Goretti Kyomuhendo, author of the The First Daughter, asks that Quick Talk meets her at Endiro Coffee at Kisementi.
When Quick Talk gets there, she finds Kyomuhendo talking to African Centre for Media Excellence (ACME)’s Bernard Tabaire.
He warns her that Quick Talk is going to ask her funny questions.
The interview gets underway and first, Quick Talk asks about books and then some “funny” questions
What books are you currently reading?
I’m reading [pause] let me see. Right now I am not reading but I have books that are lined up. I bought three anthologies from Femrite. I also have Binyavanga [Wainaina]’s One Day I’ll Write About This Place. I just finished [NoViolet] Bulawayo’s We Need New Names.
What is the best novel you have read?
Oh, I can’t answer that question. They all speak to you.
What do you look out for when choosing a book?
For me it is always the story. It is not about the brilliant technique, language or plot; it is about the story. If I can remember a story 10 to 15 years after reading a book, I consider that a good book.
[Kyomuhendo says stories with a human touch interest her. In writing about an IDP camp, she will forgo macro concerns such as people having no medicine, food or shelter and instead look at what a woman in her menstrual period is using.]
Tell me about your writing process. Do you lock yourself in a room and write?
The process of writing starts with thinking about an idea. I then do research and sit back and wait for that opening line to come. I could be walking or on the train and then my opening line comes to me.
Is writing difficult?
I find it very, very hard. The novel I have just completed took me six years.
But is it paying?
[Giving Quick Talk a tough look] Do I look like a poor woman to you? [Laughs after asking]
Uhhm, some rich people look poor, not that you look poor.
We don’t earn much money. The author earns ten per cent and the rest goes to production, storage and discounts. Imagine a book costs (Shs) 20,000, the author gets (Shs) 2,000. But writing brings you other opportunities.
There are writing workshops, writers’ grants, fellowships and consultancies. I have met writers in Europe and America who live off their writing, though. Their turnover is high.
Ok, who would you want to write your biography and what title would you want for it?
Ah! I haven’t thought about that.
Away from reading and writing, do you know about Uganda’s politicians? [Kyomuhendo lives in both Europe and Uganda.]
Yes, of course.
I can now ask you who you consider the most handsome MP.
Hahahaha. No. [Pause] I don’t know. Hahaha. But that is not politics.
It actually isn’t politics but is politicians. Who do you rate as the best-performing MP?
[Following some thought] They don’t do their job. For me, they shouldn’t go promising to build a road; that is outside their remit. My MP is my representative on the policy-making body of my country. A good MP is one who sits in the House to know what is going on there.
When a bill is presented, he or she comes back to the constituency to explain in a language I understand how the bill will impact us. They should not be showing me a road they built. I pay tax; so, that is not a favour.
So, does any MP meet your expectations?
No. Not those that represent me. [Honourables Nabilah Naggayi Ssempala, Muhammad Nsereko and Hoima representatives; you are mbu doing uhmmm a not-so-good job according to this voter.]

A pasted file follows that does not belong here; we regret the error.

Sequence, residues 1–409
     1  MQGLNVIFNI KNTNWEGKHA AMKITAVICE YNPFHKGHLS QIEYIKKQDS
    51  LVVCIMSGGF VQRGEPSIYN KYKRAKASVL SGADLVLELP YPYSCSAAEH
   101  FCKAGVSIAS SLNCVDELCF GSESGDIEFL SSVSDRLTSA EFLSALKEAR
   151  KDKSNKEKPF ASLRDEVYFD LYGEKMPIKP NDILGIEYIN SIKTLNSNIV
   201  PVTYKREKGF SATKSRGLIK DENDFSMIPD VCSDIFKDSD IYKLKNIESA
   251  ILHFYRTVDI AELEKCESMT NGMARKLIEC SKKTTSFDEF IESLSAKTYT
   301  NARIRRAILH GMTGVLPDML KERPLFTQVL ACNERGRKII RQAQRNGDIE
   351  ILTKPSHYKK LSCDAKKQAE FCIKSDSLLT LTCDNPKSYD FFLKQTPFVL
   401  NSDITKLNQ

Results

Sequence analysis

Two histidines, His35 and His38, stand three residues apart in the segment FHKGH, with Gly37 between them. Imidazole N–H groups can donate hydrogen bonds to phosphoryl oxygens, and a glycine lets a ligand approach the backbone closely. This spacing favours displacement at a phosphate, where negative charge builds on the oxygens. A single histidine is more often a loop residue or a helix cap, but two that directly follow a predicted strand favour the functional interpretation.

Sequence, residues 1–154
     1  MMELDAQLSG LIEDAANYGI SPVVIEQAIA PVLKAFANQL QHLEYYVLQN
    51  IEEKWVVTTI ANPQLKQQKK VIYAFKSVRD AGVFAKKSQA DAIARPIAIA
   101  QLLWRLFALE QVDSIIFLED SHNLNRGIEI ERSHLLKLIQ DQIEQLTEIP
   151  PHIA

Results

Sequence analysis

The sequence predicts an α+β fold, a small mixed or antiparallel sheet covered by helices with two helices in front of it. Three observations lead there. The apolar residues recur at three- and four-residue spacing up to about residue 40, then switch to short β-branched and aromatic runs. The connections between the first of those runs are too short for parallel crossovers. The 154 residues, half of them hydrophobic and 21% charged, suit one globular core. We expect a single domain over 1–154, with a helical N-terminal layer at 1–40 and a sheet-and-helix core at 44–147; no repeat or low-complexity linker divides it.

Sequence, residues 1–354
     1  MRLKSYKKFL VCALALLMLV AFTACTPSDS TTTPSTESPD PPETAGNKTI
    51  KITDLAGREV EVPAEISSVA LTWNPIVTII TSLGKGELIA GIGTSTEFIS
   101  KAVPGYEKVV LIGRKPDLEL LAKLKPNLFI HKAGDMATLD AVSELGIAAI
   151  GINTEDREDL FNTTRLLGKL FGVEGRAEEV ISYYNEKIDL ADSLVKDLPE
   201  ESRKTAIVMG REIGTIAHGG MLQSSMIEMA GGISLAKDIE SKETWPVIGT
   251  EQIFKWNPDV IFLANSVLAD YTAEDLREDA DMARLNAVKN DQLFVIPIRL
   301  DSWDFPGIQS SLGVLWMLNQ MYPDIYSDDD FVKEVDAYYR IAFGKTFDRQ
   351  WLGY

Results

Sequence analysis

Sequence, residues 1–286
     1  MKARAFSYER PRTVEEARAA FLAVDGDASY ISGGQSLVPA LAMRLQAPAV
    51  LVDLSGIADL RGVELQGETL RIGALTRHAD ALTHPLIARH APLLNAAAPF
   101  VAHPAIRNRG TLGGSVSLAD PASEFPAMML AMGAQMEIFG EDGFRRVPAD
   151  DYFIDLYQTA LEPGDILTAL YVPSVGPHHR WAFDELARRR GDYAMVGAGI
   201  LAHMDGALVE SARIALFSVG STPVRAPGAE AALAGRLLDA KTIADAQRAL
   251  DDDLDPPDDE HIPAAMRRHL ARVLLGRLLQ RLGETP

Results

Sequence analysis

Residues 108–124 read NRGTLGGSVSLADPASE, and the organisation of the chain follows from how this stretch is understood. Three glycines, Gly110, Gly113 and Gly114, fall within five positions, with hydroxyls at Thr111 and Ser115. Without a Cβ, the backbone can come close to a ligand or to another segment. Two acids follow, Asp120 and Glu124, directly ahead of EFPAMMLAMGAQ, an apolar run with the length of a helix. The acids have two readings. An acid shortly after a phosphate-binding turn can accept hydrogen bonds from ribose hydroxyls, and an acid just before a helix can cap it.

Who is your type of man?
[Silence … then:] The alright man. [Kyomuhendo, after some convincing, allows Quick Talk to write that she is married. She will, however, not say whether she has children and we say peace to that.]
I hear the alright man. But you have actually summed it up rather well. If you were allowed just one memory, which one would you keep?
The one when I was at my most happy.
When were you most happy?
I don’t know.
Ah, I am surprised you haven’t mentioned your wedding day!
Happiness is an illusion. You don’t live it, you remember it.
I am confused.
When living happiness, one is unaware they are happy. For instance, on the wedding day, you are worrying whether the decorator for the reception did her job or it will rain. It is when you are watching the video that you enjoy yourself.
Oooh. That is a funny way to live but we actually live that way. Anyway, back to that one memory, can’t you single out one?
[Giving Quick Talk a tough-soft side look. It is the look a loving mother gives a child she is trying to be tough with] Do you know how old I am?
Yes. Forty-eight, at least that is what Wikipedia said…
I can’t choose one because things happened when I was six, 15 and when I was 42!
Ok, what would you take to a desert island?
These are hard questions! No wonder Bernard said you ask funny questions.
That is not a funny question …
[Silence and then:] For me I think the most important things in life are food and love.
Food and love would solve the world’s problems. [And Quick Talk thought austere Kyomuhendo was softening on love. Oh well, let’s talk music.]
Are there Ugandan musicians you enjoy?
[Brightening up] Juliana and there is this Ugandan musician that was at that time living in Sweden. [Trying to recall his name] He sang Namigadde. [Quick Talk figures she is talking about Maddox Ssemanda Ssematimba who sang Namagembe, not Namigadde, and tells her and she happily replies:] Yes, that one.
What is your favourite colour?
Huh! I would have to think about that. I don’t stop to think about some of those things. [Oh well...]